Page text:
Hot Spot: Cellar 59 offers a wide variety of wines, tasty food and chill atmosphere

Wine bars offer a different environment than regular bars or craft brewpubs. Sure, some people still get just as drunk as they would crying bitter tears about whatever is happening on TV at a sports bar, but no one’s doing Red Bull shots or having to shout to have a conversation over too-loud music.

Cellar 59, located thematically on Kent Road aka Route 59 in Stow, has that soothing adult atmosphere. Built in a 19th-century farmhouse, Cellar 59 is quite roomy. There’s the tasting room and main bar area to the right of the entrance, with a small wood bar, a few tables and a lot of racks filled with a wide variety of wines from all over the world, including Italy, France, South America, California and the Pacific Northwest. (Sorry, wine homers, there are no Ohio wines available.)

On the other side is a much larger room with tables for larger groups. The lighting inside is low and soothing.

Cellar 59 touts an inventory of more than 450 wines but the wine menu offers about 10 reds and 10 whites that you can try in sips ($4-$9), by the glass ($7-$12) or by the bottle ($20-$30). Flights of three are available for $12. For us non-wine lovers, there’s a solid selection of craft beers in the $3.50-$7.50 range and a few rotating drafts, along with a small menu of crafted cocktails for under $10.

With spring in the air, the deluxe porch/patio is the place to be. It wraps around much of the house, which gives patrons the option of sitting in the sun and enjoying the soothing sounds of cars whizzing by on 59, or on the more intimate side that doesn’t face the street.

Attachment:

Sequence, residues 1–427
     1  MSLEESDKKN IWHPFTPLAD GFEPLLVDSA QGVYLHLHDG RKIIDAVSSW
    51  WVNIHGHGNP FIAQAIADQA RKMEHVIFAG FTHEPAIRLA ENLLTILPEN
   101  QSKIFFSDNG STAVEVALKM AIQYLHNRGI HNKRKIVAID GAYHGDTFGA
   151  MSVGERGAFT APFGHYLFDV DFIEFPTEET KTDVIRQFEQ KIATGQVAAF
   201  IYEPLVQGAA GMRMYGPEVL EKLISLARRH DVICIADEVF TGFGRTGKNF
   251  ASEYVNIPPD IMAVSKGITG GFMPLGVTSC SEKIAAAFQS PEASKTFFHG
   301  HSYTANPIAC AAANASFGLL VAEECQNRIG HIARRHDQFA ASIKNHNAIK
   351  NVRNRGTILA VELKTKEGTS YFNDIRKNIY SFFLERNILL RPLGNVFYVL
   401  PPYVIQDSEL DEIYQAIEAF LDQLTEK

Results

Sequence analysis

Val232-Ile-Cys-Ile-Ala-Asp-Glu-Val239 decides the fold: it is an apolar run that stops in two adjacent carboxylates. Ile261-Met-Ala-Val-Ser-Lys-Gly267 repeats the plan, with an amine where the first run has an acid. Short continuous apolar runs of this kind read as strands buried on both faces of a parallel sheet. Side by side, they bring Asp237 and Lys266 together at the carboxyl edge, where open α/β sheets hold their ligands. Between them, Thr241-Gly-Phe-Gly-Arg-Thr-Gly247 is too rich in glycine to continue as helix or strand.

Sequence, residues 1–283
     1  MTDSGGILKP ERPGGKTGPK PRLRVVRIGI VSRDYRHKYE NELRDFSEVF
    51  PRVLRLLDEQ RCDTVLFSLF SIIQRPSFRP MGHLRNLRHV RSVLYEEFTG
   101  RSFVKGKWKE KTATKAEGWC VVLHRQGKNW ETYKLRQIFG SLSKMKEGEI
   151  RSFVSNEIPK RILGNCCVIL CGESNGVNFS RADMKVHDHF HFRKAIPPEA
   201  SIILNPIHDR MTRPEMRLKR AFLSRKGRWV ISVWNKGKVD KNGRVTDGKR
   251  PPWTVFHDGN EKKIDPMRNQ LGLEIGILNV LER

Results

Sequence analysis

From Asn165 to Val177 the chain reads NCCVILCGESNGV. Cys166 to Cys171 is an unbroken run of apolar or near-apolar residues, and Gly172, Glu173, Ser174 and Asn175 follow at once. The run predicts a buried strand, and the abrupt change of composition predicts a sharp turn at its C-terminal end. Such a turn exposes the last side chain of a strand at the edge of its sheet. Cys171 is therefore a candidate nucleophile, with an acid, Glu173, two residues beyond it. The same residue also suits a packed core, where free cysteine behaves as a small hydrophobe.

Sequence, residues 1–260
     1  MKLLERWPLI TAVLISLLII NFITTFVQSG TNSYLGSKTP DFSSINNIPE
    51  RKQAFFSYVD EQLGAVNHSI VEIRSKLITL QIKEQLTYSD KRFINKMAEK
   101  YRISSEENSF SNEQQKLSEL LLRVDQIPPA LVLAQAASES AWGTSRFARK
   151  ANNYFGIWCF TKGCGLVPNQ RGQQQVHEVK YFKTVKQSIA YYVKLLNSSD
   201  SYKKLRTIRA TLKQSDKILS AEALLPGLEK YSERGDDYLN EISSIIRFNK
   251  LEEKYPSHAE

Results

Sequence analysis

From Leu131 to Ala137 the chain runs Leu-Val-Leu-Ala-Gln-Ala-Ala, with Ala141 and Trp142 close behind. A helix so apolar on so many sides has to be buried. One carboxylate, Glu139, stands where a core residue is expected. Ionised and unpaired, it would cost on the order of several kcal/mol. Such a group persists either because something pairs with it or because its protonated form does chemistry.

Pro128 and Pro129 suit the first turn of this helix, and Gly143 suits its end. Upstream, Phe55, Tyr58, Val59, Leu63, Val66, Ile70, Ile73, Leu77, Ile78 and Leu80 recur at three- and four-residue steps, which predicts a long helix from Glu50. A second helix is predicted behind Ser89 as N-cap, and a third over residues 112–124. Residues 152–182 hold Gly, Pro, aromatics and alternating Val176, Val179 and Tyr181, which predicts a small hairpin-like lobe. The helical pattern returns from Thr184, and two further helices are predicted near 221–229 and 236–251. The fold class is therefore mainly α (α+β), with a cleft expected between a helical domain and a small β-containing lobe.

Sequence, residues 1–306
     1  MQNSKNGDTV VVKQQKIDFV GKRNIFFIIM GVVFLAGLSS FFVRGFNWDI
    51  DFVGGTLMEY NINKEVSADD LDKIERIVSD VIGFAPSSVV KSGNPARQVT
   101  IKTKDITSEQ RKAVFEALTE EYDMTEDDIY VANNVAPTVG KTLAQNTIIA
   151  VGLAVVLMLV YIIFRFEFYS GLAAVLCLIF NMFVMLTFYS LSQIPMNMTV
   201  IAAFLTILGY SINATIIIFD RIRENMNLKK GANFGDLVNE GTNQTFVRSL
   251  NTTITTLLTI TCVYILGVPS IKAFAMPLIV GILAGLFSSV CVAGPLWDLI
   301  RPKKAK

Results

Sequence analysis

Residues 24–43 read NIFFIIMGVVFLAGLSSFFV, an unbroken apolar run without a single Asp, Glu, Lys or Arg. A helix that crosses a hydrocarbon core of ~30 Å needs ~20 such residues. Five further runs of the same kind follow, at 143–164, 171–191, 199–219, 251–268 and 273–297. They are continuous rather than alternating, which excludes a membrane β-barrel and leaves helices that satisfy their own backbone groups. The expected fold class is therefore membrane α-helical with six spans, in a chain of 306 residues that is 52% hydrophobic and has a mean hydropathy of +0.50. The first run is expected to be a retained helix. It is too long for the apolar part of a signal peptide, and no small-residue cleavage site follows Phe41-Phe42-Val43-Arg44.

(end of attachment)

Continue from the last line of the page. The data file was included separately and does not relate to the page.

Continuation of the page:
Jennifer Pierce of Munroe Falls and Kathy Bowling of Stow perfectly placed themselves to soak up the picturesque, warming rays of the setting sun as they enjoyed a cheese and fruit board (three cheeses, seasonal fruit, fig spread, rosemary raisin pecan crackers and a French baguette). The friends, who both live close by, have been customers for about five years and periodically meet at the wine bar for a relaxing catch-up.

“I like the deck. Outside is always better than inside when it’s sunny in Ohio,” Pierce said, shielding her eyes from the sun.

“And sometimes we’ve been here when they’re having music and it’s kind of loud inside, so sometimes it’s nice to be out here, and even though there’s traffic it’s still quieter than being inside. It’s like white noise,” she said.

Despite the bevy of varieties available, neither Pierce nor Bowling consider themselves wine connoisseurs.

“We’re definitely wine enjoyers. I know what I like and I don’t try and stray out of that too much. I’ve gone in and looked (at the many different wines) before but then it’s just, yeah," Pierce said sipping on a familiar glass of Merlot.

Bowling also tends to keep it simple but has learned a few things. “I’ve perfected my wine list,” she said, but after years of coming to Cellar 59, she will occasionally dip into unknown territory. “Probably more so now than five years ago. So I’m trying to expand my horizons little by little.”

Despite not being much for diving into all the options, “I like this place just because I like the atmosphere, it’s comfortable, it’s very chill,” Pierce said.

“Yeah, we’re not dressed very nice, it’s after work and we just wanted to get together to talk,” said Bowling, casually adorned in a sweatshirt.

In addition to the wine, Cellar 59 offers a menu that includes the aforementioned cheese and fruit board ($12-$14) as well as the charcuterie and cheese board we tried, which adds a nice trio of cured meats — speck, capicola and soppressata. Small plates include the stuffed Bavarian pretzel, a pleasantly delicate pretzel packed with pepperoni, cheese and homemade red sauce ($10), which was delicious. There are also a couple of paninis and several pizzas ($13-$15), one of which featured a combination of roasted mushrooms, goat cheese, rosemary and arugula so fresh you’d think there must be a garden in the kitchen.

Cellar 59 is available for private parties and has live music a couple times per month. You can catch local bluesman Little Steve-O on Saturday.

 

Malcolm X Abram can be reached at mabram@thebeaconjournal.com or 330-996-3758. Like him on Facebook at http://on.fb.me/1lNgxml, and follow him on Twitter @malcolmabramABJ.